What home DNA kits can (and can't) tell you about cancer risk

February 6, 2019 | by Abe Rosenberg

It's hard to miss the barrage of clever advertising for home DNA tests — and the marketing works. Home DNA tests were among the top 10 holiday season gifts ordered on Amazon in 2018.
 
When they first came along about a decade ago, home DNA tests were offered as a glorified form of entertainment that cranked out tidbits of information people could share at parties. But DNA analysis can tell us much more, including our risk of developing some cancers and other diseases.
 
One popular company, for example, provides a growing range of health-related genetic information to its customers, ranging from increased risk for breast cancer, Alzheimer's and Parkinson's disease, to whether a person is a carrier for dozens of inherited conditions like cystic fibrosis and sickle cell anemia.
 
It's reasonable to assume that other companies will follow this path, and with more players in the market, it will likely become easier and cheaper than ever to ship out your saliva sample in a postpaid envelope and get back a slew of reports dissecting what your DNA says about your present and future health. So, should you?

How Valuable Is the Information?

“This is a hotbed issue,” said City of Hope's Kathleen R. Blazer, Ed.D., M.S., L.C.G.C., a board-certified genetic counselor and educator. Blazer and her colleagues worry that customers will make incorrect assumptions about the breadth and accuracy of home tests, that they may substitute a home kit for a more complete and informative screening at a qualified medical center, and even make questionable medical decisions based on the limited information they receive.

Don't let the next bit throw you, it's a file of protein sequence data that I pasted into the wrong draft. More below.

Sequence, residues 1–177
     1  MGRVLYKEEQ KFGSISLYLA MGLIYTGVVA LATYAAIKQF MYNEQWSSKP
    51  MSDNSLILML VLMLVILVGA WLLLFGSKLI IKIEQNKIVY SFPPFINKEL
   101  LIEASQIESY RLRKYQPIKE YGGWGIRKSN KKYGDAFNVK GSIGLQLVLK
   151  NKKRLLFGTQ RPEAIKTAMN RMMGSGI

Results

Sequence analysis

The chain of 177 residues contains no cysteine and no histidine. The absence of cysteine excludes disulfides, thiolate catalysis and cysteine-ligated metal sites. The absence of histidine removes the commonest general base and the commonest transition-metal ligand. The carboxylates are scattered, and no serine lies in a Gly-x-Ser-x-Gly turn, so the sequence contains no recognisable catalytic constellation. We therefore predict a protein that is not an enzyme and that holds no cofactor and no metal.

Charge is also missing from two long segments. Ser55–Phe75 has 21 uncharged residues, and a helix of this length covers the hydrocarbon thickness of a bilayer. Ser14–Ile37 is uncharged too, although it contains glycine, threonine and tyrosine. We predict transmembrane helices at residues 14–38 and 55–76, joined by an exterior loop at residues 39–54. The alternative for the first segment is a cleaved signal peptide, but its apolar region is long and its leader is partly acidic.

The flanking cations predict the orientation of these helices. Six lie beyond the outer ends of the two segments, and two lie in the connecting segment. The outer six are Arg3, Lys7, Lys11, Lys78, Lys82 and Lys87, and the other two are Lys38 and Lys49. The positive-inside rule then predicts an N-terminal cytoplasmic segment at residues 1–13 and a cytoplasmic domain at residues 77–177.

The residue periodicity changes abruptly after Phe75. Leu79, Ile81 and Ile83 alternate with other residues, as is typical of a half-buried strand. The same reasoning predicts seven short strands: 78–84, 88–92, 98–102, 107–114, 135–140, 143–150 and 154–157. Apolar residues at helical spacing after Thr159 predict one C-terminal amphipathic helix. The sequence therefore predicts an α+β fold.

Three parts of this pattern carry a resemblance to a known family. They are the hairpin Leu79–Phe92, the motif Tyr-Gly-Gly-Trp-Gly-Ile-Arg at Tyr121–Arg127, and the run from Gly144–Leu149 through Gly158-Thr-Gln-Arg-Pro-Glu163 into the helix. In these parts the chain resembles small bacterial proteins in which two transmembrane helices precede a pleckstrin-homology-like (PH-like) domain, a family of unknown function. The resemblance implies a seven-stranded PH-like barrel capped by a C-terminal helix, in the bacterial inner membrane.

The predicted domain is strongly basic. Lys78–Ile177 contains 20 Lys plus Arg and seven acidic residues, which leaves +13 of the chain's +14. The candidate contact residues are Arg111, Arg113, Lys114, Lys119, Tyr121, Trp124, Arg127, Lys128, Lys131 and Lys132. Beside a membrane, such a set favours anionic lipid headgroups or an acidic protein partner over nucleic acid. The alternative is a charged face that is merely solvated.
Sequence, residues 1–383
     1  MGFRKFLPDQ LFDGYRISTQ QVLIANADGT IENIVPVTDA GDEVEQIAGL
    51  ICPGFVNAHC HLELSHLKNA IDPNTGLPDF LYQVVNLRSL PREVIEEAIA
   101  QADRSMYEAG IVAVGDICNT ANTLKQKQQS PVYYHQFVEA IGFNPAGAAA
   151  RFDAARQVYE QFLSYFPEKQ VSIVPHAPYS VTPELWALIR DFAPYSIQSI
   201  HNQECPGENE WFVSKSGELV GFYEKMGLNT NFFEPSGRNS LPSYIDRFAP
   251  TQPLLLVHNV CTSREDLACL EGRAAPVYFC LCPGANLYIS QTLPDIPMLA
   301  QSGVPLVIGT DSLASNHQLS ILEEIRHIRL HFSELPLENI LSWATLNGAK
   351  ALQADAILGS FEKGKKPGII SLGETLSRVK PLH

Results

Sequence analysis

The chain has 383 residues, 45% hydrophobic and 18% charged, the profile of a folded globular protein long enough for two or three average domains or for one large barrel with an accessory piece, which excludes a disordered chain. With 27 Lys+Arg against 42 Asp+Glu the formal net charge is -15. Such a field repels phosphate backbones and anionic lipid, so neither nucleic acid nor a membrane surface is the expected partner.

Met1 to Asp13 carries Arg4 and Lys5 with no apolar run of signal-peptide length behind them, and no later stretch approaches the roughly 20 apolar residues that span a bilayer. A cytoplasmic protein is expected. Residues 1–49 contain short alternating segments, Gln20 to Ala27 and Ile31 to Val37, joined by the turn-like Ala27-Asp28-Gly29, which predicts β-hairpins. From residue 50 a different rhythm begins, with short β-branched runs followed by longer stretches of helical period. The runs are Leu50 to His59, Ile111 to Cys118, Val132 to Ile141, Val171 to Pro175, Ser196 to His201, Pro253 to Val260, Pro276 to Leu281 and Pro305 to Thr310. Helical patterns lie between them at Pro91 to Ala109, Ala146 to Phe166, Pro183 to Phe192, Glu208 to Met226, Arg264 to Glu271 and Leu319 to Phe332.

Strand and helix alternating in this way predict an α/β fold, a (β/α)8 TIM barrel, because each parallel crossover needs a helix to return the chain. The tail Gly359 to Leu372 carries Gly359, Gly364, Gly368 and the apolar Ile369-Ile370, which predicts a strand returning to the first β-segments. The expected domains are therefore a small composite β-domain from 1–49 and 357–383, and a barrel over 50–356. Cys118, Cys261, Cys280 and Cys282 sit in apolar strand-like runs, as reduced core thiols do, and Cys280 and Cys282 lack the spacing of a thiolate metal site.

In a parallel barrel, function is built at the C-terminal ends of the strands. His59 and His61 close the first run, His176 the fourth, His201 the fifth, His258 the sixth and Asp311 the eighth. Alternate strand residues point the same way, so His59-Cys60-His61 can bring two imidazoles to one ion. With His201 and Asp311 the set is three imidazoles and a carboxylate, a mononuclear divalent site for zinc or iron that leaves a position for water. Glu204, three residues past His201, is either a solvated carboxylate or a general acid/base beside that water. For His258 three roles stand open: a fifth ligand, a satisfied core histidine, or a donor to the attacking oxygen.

If you've thought about trying one of those home kits, Blazer urges you to think before you spit. Even the most elaborate home test, she asserts, only scratches the surface.
 
“This is recreational genetics. It's very superficial, a very limited screening, not at all a thorough analysis,” she said. Unlike a full screening performed by a geneticist, which reads a patient's DNA and detects and analyzes crucial genetic alterations, home tests are extremely limited. For the most part, they examine only a small fraction of total DNA, relying on “surrogate” criteria such as single nucleotide polymorphisms or SNPs, some of which, when compared to SNPs in the larger population, may indicate a statistically elevated risk.
 
People get their test results and jump to conclusions, either assuming everything's fine, or believing they're at high risk for a disease, which may not be the case. Some will take their test reports to a doctor, who may be just as much in the dark as the patient.

Education Is Key

Blazer and her colleagues in the Division of Clinical Cancer Genomics are laboring to correct that. As director of City of Hope’s Cancer Genomics Education Program, she helps oversee a multifaceted cancer genetics education initiative. The program aims to give clinicians — doctors, physician assistants, nurses, genetic counselors and others — the tools and information they need to take better care of their patients. More than 1,000 medical professionals in all 50 states and 25 countries have successfully completed the program, with another 1,200 currently enrolled.